“We are old friends and Humayun knows I am sincere. We have actually been joking that even my lack of involvement is generating publicity for the film. I don’t want to hurt the film and of course I would want it to be successful. There is no personal grudge behind my refusal to take part in the promotions. Somehow, controversy and conjecture seems to follow me around.”
‘Mardon ki Meera’
It is this very knack for raising headlines that had Hamza’s ‘good friend’ Saba Qamar proclaim him to be a ‘Mardon ki Meera’. “I had spoken against item songs and she had just performed in one and thought I was attacking her,” explains Hamza. “It’s why she retaliated but she had misconstrued my words. I never pinpoint anyone by taking names.”
Weren’t Hamza and Saba having a full-blown affair? “I am human and yes, I may like somebody but just because I am photographed with an actress several times doesn’t mean that I am dating her,” he says. “Similarly, I have known Ayesha Khan for decades but that doesn’t mean I am romantically involved with her. Things get blown out of proportion.”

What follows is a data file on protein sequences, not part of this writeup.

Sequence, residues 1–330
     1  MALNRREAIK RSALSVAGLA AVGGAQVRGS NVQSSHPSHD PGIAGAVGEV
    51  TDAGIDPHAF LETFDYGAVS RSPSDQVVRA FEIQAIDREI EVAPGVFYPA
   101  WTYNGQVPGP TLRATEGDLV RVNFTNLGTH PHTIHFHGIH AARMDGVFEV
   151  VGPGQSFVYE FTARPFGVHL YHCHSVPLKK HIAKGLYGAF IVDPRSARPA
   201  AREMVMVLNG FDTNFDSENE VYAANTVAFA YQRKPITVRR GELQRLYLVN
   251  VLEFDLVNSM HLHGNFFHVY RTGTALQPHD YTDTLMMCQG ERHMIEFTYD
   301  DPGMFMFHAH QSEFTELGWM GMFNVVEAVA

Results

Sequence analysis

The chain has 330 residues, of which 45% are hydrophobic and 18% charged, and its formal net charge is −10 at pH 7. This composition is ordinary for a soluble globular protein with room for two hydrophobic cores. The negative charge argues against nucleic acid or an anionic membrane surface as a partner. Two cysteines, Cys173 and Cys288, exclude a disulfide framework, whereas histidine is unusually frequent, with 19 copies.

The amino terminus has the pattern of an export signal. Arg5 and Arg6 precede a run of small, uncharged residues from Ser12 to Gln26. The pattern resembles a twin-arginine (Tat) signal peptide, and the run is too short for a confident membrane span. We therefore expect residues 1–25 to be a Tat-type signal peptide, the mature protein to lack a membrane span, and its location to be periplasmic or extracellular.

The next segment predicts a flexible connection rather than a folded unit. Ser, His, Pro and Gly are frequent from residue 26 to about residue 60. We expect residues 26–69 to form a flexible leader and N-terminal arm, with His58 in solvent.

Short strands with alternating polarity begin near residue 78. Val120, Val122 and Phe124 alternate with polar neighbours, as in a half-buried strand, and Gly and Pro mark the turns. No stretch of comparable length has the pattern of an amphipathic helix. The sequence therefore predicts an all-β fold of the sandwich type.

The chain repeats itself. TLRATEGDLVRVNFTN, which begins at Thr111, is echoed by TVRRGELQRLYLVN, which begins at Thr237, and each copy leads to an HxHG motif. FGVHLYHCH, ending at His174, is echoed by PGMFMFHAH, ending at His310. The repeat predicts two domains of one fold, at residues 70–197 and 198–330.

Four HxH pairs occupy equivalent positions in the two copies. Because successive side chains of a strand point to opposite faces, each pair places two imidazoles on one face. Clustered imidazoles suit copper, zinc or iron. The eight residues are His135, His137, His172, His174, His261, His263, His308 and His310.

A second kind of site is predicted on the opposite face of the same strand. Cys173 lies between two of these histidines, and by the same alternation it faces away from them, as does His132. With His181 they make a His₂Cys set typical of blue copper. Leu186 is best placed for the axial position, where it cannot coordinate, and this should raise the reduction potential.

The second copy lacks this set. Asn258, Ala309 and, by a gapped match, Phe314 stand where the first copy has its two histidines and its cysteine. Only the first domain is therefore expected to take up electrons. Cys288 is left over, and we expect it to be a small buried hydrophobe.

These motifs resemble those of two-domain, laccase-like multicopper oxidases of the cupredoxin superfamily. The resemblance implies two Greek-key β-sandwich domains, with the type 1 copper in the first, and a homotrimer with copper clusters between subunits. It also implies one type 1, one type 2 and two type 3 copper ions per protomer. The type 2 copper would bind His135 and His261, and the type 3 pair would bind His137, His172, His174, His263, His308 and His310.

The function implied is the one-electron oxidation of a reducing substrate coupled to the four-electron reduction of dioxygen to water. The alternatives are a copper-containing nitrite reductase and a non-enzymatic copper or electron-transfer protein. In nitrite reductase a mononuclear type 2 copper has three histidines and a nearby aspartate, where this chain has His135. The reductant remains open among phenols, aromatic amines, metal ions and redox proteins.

When he spoke against the celebration of homosexual marriages, Hamza was berated and ‘un’friended by an old friend on Facebook (who must not be named!)
Sadly, misunderstandings like these happen often in Hamza’s life – probably because he often dives right into them!
When he spoke against the celebration of homosexual marriages, he was berated and ‘un’friended by an old friend on Facebook (who must not be named). “I reached out to him and told him that in all the years that I had known him, I had always been aware of his personal preferences and never judged him by them. Why was he taking offence now? I was only deriding the celebration of something that had taken place somewhere else which was not normal for us.”
But even if he is sincere in his opinions, Hamza’s unabashed statements makes one wonder if he has a career death-wish. How much longer will he continue to have friends and get work in the industry? “If I am losing out on work that I don’t agree with, then I don’t mind. Despite everything, I am still getting work that excites and inspires me.”
All in a day’s work
As JPNA gears for release, Hamza has begun work on a TV drama for the HUM Network, following which he will play the villain in Bilal Lashari’s next, Maula Jutt. He has also been nominated in the upcoming LSA’s as ‘Best Actor’ in Pyraray Afzal and his own directorial venture Kambakht is ready to release.